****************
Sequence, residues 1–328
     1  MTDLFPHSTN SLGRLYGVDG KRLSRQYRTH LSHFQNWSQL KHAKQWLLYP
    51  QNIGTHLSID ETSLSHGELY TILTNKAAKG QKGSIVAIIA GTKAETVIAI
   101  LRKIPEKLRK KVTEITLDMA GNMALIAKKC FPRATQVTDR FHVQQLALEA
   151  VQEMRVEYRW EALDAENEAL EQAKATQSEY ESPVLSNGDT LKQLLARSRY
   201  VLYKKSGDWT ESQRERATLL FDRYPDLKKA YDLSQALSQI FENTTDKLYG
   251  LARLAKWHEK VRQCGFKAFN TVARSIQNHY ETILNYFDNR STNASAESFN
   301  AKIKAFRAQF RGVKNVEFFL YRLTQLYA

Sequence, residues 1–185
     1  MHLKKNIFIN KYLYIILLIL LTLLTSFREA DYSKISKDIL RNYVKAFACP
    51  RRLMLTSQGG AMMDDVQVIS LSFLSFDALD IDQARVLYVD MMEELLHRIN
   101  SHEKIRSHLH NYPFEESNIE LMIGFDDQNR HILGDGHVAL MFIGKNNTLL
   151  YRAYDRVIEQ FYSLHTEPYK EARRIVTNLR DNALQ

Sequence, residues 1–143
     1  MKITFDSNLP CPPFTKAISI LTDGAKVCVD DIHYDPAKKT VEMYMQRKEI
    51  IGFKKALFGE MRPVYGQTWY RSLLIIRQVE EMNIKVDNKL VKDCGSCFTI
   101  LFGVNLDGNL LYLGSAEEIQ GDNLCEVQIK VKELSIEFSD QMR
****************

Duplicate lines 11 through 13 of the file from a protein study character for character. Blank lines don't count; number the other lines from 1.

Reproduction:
    51  RRLMLTSQGG AMMDDVQVIS LSFLSFDALD IDQARVLYVD MMEELLHRIN
   101  SHEKIRSHLH NYPFEESNIE LMIGFDDQNR HILGDGHVAL MFIGKNNTLL
   151  YRAYDRVIEQ FYSLHTEPYK EARRIVTNLR DNALQ